There are three things about the Holy Roman Empire that every high school student is taught: it was neither holy, Roman, nor an empire. But it tried to be. Since it no longer appears on modern maps, we forgot how much the Holy Roman Empire impacted European politics for centuries.
On Christmas Day 800, Pope Leo III crowned Charlemagne as emperor. The idea of an emperor was that Charlemagne’s rule was a continuation of the old Roman Empire in the West, which had been effectively demolished for three centuries. Rome still lived. The title was elective; the emperor was selected from the nobility in Europe. There was no capital city, and the kingdom consisted of hundreds of decentralized domains. Other rulers maintained their own land and had de facto independence, but they owed allegiance to the emperor.
Like other nobles, the Holy Roman Emperor often appointed his own bishops and had control over who held ecclesiastical positions within his kingdom, up to the papacy. Non-firstborn sons of nobility often were given high positions in the church. As part of his large reform plan, Pope Gregory VII tried to reform the investiture system, placing power back in the church. The College of Cardinals was created in 1059; church officials would determine who was pope, and from there, the Church would curtail secular investiture and simony in Europe.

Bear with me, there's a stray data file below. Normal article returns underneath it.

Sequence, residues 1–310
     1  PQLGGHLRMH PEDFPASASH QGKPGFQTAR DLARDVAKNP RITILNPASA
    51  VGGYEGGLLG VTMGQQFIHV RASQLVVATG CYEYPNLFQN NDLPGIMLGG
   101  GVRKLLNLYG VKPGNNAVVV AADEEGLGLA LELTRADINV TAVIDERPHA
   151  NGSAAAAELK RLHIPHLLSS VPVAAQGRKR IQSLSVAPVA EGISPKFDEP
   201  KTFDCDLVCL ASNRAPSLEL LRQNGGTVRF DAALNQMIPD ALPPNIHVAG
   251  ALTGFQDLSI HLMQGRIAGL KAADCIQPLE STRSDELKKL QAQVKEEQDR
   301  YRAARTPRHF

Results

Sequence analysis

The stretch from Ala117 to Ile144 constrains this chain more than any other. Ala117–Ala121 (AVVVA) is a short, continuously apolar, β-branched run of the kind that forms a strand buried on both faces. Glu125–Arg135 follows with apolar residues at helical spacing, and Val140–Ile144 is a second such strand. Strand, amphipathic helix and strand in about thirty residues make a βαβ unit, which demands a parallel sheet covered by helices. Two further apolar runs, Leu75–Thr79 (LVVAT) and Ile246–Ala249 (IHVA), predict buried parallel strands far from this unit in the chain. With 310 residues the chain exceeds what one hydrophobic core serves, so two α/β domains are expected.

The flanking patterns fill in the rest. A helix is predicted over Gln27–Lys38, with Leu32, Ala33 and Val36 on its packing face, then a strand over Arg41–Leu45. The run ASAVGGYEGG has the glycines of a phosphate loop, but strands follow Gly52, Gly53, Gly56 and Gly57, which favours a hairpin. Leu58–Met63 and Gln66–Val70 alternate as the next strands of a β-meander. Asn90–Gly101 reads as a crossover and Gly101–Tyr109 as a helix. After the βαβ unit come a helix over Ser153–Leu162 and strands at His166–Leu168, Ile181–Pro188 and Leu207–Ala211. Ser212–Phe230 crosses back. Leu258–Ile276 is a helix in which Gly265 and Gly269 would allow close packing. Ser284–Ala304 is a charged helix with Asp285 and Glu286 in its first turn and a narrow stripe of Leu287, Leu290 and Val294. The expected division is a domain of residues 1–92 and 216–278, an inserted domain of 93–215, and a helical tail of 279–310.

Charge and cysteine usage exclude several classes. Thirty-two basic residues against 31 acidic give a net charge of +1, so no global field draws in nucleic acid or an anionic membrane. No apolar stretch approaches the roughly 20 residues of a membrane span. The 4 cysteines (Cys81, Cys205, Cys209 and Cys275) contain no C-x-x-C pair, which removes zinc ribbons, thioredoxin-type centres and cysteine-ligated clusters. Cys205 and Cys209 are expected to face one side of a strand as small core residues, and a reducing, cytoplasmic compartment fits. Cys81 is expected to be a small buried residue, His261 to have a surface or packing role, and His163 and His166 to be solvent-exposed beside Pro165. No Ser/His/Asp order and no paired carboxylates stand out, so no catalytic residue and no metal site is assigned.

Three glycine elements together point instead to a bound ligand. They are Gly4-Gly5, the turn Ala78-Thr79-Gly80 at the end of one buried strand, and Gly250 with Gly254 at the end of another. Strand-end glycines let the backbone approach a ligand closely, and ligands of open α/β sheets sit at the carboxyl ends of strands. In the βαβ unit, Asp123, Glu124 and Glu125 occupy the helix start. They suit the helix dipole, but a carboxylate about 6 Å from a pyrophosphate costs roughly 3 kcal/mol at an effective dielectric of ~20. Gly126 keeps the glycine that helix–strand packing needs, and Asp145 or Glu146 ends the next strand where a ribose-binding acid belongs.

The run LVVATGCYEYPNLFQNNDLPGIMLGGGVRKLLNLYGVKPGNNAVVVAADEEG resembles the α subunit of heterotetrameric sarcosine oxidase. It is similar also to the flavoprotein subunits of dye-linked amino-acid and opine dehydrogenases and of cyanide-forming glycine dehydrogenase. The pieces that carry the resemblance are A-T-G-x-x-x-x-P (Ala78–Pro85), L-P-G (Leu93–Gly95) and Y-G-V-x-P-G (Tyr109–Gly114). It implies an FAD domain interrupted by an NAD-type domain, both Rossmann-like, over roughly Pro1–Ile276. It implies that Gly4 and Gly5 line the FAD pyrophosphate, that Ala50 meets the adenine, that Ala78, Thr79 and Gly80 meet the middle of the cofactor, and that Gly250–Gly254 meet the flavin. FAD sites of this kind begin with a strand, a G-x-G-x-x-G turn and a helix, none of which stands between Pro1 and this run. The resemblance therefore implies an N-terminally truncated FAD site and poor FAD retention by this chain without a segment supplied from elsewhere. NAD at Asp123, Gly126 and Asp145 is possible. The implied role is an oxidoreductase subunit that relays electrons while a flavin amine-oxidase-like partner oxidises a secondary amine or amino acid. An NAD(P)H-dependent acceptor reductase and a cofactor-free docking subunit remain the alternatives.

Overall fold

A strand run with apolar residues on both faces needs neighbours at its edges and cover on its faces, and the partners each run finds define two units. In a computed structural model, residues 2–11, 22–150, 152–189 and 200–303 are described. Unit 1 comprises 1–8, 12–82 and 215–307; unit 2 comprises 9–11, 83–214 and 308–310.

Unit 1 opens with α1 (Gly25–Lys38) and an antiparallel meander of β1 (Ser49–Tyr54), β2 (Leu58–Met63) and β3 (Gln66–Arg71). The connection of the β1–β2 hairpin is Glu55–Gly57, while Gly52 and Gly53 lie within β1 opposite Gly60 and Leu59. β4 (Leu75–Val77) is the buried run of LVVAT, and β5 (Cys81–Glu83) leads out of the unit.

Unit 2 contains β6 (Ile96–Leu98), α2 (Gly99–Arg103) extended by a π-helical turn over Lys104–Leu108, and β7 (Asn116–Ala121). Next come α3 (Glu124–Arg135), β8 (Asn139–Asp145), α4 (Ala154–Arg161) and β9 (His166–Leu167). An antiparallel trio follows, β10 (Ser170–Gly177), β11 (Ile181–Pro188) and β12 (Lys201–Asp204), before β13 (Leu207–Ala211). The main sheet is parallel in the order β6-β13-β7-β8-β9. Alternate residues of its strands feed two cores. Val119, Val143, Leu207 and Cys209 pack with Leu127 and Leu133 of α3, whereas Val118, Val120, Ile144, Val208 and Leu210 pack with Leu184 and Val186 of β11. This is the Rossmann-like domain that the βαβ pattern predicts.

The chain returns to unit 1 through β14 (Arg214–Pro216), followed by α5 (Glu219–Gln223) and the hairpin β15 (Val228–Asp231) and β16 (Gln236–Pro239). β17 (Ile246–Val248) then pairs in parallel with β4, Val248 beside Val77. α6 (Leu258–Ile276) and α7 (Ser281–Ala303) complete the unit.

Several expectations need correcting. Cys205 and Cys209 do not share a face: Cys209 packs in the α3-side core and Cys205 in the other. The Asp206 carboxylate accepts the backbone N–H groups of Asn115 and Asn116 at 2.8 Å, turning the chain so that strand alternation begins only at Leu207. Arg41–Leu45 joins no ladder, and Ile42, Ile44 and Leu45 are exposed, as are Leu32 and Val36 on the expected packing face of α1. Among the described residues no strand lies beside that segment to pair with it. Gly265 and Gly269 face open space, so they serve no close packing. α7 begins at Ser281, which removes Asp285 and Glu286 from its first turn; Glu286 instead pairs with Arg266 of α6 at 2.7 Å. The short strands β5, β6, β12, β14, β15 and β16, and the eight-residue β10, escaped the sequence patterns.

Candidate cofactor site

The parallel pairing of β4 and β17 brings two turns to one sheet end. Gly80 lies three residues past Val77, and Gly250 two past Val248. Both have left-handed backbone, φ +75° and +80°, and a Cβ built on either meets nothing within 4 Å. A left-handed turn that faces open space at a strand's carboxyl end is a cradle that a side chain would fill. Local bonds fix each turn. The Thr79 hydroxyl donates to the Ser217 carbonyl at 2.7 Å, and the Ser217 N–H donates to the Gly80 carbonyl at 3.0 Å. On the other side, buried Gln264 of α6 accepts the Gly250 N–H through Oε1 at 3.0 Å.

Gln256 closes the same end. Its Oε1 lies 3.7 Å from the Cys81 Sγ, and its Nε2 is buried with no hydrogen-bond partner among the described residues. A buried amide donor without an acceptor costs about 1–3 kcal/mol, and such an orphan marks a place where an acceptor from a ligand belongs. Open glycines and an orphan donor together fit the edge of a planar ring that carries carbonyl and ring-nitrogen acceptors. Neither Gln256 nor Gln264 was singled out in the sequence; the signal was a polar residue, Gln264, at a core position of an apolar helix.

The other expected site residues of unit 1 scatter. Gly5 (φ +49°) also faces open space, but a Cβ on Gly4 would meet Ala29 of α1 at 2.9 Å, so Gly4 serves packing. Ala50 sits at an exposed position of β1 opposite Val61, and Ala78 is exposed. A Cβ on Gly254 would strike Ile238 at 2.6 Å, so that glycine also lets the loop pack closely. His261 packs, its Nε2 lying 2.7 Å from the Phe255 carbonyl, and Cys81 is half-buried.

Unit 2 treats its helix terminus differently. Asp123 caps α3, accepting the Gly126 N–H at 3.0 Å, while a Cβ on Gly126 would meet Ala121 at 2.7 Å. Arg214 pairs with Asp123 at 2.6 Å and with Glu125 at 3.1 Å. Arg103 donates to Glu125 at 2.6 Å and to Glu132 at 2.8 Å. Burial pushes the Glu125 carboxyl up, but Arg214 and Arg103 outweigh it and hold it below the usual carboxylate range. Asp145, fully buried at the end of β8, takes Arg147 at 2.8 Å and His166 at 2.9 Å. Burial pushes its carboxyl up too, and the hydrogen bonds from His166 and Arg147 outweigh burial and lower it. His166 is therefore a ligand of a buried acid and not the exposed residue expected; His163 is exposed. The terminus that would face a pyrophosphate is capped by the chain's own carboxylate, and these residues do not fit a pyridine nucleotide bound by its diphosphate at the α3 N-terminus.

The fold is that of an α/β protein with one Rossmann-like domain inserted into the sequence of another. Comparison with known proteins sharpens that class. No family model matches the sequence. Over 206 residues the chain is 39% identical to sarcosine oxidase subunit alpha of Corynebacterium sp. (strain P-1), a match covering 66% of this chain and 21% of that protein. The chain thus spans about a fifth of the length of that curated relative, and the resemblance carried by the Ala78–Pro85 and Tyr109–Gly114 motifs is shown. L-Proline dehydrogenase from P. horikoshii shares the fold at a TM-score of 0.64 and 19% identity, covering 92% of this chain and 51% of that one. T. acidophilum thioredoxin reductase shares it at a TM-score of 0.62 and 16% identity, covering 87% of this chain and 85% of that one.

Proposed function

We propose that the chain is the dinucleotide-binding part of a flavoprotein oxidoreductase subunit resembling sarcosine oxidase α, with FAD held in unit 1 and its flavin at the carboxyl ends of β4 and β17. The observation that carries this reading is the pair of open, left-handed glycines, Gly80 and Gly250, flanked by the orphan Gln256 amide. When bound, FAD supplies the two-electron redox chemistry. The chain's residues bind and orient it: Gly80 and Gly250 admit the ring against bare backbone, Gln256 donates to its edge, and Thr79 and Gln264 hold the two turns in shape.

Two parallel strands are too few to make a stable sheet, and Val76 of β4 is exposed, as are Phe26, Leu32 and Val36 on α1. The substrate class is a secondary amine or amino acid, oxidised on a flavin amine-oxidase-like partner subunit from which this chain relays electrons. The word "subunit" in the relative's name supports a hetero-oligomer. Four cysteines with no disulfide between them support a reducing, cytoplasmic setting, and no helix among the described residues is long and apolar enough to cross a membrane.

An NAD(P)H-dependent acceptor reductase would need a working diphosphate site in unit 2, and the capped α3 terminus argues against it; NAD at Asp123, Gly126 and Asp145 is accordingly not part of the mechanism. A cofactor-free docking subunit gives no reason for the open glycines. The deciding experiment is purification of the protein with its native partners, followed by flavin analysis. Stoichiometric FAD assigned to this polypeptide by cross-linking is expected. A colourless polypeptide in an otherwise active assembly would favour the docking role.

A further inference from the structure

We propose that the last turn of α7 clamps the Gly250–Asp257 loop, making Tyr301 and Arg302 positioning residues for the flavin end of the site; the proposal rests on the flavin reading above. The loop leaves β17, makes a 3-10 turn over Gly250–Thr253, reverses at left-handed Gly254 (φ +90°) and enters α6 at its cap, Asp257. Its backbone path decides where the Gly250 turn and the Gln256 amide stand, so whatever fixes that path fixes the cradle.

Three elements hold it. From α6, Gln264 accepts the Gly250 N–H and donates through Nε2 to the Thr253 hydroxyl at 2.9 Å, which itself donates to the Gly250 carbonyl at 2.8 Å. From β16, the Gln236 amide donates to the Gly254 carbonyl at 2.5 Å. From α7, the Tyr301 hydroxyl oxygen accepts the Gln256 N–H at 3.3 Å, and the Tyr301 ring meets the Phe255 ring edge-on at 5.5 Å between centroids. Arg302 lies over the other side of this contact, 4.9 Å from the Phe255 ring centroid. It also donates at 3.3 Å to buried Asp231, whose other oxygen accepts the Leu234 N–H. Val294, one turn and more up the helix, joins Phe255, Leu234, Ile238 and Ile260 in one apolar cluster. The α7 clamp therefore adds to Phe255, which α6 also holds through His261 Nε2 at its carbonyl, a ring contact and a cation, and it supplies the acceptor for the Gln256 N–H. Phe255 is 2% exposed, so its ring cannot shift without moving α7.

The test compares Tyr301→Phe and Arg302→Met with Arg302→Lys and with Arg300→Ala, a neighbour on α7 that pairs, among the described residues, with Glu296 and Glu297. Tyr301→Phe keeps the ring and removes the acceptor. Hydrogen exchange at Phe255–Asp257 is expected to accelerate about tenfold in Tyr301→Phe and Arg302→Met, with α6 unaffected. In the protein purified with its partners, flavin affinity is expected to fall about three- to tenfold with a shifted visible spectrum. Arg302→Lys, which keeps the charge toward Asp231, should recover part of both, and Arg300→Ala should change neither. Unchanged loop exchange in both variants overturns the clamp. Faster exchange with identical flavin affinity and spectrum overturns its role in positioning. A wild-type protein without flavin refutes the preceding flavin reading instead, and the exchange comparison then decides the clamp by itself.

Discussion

The struggle between Church and kingdoms continued. The Concordat of Worms in 1122 allowed kings to invest bishops with secular authorities within their kingdoms, but only the Church could invest sacred authority. This left bishops with split loyalties: one to a king and one to the pope. Kings maintained rights over their kingdoms (including some added tax benefits), and the papacy maintained its place outside the control of the Holy Roman Emperor (and got some added tax benefits). Kings struggled to have control over their individual kingdoms while still maintaining strength in unity, which meant the good graces of the Holy Roman Empire and the Church.
By the Late Middle Ages, the concept of power was becoming more attached to money and land (which could be taxed for money) rather than birthright and titles won in war. The Holy Roman Empire, an empire of scattered landholdings across Europe, struggled to maintain control in an era of land consolidations and the early rise of the nation-state. In the late 1400s, Maximilian I tried to reform the empire, levying new taxes, creating a supreme court, and forming foreign policy legislation with other kings at the Diet of Worms of 1495. But the reforms only kept the empire one of many players on the European stage.
By the turn of the sixteenth century, Germany was comprised of several kingdoms. The nobles were seeing increased wealth, and the concept of a nation-state was taking shape. These states didn’t really see the need of a unifying empire, or Church for that matter. They wanted total control within their borders, and they had the strength to fight for it. The power of the Holy Roman Empire was weakened, and nobles were losing interest in pledging loyalty to outside rulers, be they emperor or pope.